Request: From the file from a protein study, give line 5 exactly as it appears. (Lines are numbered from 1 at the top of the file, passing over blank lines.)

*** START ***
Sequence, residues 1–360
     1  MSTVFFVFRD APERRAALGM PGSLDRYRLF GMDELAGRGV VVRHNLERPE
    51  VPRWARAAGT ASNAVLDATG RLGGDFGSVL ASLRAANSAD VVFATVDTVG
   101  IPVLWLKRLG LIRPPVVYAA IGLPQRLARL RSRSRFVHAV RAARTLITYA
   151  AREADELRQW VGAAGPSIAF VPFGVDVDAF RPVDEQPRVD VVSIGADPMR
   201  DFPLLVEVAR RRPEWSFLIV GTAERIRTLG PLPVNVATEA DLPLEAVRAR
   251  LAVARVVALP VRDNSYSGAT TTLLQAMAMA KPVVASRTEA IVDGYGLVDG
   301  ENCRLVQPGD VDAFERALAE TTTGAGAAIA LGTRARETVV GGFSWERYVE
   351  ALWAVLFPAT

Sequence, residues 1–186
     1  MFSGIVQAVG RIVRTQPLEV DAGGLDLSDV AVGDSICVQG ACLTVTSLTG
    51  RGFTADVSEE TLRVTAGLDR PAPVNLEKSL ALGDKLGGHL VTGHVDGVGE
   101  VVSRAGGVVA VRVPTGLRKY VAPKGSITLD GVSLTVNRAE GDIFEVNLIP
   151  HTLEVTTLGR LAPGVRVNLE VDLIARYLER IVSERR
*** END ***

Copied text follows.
   151  AREADELRQW VGAAGPSIAF VPFGVDVDAF RPVDEQPRVD VVSIGADPMR